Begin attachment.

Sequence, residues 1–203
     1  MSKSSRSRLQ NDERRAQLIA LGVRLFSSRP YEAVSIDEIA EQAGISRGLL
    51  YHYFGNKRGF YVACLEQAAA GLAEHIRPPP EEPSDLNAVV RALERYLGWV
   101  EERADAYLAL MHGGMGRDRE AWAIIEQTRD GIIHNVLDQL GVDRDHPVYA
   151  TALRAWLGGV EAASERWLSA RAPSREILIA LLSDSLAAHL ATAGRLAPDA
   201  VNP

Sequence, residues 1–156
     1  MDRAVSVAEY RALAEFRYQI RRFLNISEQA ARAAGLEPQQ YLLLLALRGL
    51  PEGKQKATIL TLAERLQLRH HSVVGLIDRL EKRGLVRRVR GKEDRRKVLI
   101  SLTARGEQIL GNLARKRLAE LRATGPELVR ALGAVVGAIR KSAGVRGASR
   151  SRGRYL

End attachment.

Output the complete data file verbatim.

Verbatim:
Sequence, residues 1–203
     1  MSKSSRSRLQ NDERRAQLIA LGVRLFSSRP YEAVSIDEIA EQAGISRGLL
    51  YHYFGNKRGF YVACLEQAAA GLAEHIRPPP EEPSDLNAVV RALERYLGWV
   101  EERADAYLAL MHGGMGRDRE AWAIIEQTRD GIIHNVLDQL GVDRDHPVYA
   151  TALRAWLGGV EAASERWLSA RAPSREILIA LLSDSLAAHL ATAGRLAPDA
   201  VNP

Sequence, residues 1–156
     1  MDRAVSVAEY RALAEFRYQI RRFLNISEQA ARAAGLEPQQ YLLLLALRGL
    51  PEGKQKATIL TLAERLQLRH HSVVGLIDRL EKRGLVRRVR GKEDRRKVLI
   101  SLTARGEQIL GNLARKRLAE LRATGPELVR ALGAVVGAIR KSAGVRGASR
   151  SRGRYL